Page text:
But exactly what is a native Indonesian. Is this an Indonesian by birth or it this someone who is indigenous to the archipelago that is now Indonesia or is it someone indigenous to the island of Java? Pressing questions indeed as we head into another presidential election or not!

Because if we return to the constitutional amendments, there were four of them (if you are interested, they can be accessed in Indonesian here or a complete unofficial English translation here), the third of these is the most critical to this non-debate. The third amendment defines native Indonesian as any Indonesia citizen who has been a citizen from birth, who has not held any other citizenship of their own free will, has never betrayed their country, and is of sound mind & body in order to perform the duties of President or Vice-President.

Case Closed!

Native Indonesian is clearly anyone born here. So, the debate about whether the President has to be Javanese or not is a non-debate. As are the unnamed personal opinions to which the Vice-President refers. The President can be any Indonesian born in the Republic, and those born outside of it to Indonesian parents, irrespective of whether your family ancestry is Arab, Indian, Chinese, or Australian, or anything else for that matter!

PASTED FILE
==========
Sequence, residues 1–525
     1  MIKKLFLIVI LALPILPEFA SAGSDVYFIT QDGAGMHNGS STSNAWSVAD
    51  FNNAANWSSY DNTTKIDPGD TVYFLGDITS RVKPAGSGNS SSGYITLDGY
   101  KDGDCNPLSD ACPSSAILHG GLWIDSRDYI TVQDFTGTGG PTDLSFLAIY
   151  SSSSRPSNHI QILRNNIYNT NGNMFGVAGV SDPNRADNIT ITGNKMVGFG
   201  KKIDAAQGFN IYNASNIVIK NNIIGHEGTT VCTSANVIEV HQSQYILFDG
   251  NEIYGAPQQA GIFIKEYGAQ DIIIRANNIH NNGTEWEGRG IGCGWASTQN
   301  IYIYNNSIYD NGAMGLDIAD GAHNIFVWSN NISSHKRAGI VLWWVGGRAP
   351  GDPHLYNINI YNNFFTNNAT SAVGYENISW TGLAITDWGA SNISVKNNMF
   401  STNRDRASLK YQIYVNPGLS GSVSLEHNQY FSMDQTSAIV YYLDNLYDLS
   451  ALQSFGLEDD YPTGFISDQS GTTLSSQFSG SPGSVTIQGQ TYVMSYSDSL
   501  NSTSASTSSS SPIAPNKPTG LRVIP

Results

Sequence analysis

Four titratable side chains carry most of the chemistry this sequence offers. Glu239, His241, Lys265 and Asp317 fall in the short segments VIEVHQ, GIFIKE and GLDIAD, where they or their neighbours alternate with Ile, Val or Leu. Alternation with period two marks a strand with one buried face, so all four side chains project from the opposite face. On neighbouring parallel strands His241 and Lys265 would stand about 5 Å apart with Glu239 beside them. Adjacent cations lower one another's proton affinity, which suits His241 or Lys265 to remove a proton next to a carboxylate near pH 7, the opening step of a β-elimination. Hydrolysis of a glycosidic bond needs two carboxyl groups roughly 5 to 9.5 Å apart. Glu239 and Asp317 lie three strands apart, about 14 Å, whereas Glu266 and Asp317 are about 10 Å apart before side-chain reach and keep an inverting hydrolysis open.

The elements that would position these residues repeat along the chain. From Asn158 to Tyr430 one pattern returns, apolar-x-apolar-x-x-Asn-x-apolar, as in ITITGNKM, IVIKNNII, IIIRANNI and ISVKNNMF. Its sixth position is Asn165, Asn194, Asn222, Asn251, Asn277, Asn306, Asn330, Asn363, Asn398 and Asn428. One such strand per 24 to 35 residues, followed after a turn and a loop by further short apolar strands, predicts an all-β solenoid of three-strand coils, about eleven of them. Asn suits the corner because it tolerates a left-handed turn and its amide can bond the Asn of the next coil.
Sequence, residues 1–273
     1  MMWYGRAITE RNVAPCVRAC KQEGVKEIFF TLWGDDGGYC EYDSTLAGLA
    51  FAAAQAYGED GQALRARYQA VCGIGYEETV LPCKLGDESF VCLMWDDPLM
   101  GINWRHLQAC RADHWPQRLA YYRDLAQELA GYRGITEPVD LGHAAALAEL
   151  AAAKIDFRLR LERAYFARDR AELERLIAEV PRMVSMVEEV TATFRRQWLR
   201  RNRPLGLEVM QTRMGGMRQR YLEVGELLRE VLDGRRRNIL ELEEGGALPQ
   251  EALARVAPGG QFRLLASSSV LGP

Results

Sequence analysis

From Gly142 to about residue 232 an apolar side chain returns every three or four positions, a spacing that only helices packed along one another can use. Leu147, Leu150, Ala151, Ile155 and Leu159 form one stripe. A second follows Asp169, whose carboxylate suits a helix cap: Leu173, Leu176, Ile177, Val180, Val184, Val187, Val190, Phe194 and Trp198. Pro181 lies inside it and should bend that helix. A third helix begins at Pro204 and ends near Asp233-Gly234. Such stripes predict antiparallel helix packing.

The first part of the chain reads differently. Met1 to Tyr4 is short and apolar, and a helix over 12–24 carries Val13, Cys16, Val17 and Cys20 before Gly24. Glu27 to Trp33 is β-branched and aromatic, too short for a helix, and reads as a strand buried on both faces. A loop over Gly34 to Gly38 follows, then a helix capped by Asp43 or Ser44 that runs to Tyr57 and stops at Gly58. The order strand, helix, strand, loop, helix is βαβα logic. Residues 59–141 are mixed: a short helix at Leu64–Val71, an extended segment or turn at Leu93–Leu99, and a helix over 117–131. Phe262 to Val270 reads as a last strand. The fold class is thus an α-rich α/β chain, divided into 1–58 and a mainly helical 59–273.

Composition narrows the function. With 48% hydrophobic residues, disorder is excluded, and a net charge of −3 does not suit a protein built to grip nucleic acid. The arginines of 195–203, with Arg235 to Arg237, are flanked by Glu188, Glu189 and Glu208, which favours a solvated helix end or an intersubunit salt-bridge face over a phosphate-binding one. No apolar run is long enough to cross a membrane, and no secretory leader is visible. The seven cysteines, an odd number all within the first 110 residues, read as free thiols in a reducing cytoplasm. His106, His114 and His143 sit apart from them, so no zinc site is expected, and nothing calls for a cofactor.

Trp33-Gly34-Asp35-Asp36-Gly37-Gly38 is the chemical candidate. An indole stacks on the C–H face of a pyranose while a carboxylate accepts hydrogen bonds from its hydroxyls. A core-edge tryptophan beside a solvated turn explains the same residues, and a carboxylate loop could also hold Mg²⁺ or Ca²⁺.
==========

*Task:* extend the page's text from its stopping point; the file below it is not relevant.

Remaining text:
The reality is that the the island of Java supports the largest number of Indonesian citizens and the conspiracy theorists will tell you that when all the Javanese get together and are convinced of their inherent right that the President must be Javanese then it is a foregone conclusion that the President must be Javanese.

I guess if you do not have anything more serious to focus on then a conspiracy theory is always a fun diversion!

It is not one's ethnicity that is important but rather one's ability to 'network' in the lion's den (or perhaps more aptly a traders' market) that is Indonesian politics. The only thing in Kalla's way is his ability to network enough votes and his appeal to the masses. The beauty of direct presidential elections is that if you are teflon-coated and have minor party support there is no reason why you cannot sit in Chair Number 1.

That said, the small parties still understand the reality that they have to court the support of bigger parties and that is why the current President and Vice-President fit this picture.

Viva Democracy!

Constitutional Rights - Only if You are Indonesian

The Constitutional Court handed down its Decision in the 'Death Penalty' case. Many were hoping for a watershed or seminal moment in Indonesian legal history and in many respects perhaps it was but in most respects probably not in the way many had envisaged and hoped for.

Cutting to the chase the Court upheld the constitutionality of the death penalty in Indonesian law. Simply, the arguments submitted that the death penalty was unconstitutional because it breached a constitutionally guaranteed 'right to life' under Chapter XA of the 1945 Constitution was rejected. Chapter XA is in essence a 'Bill of Rights' and incorporates many of Indonesia's human rights obligations under international conventions.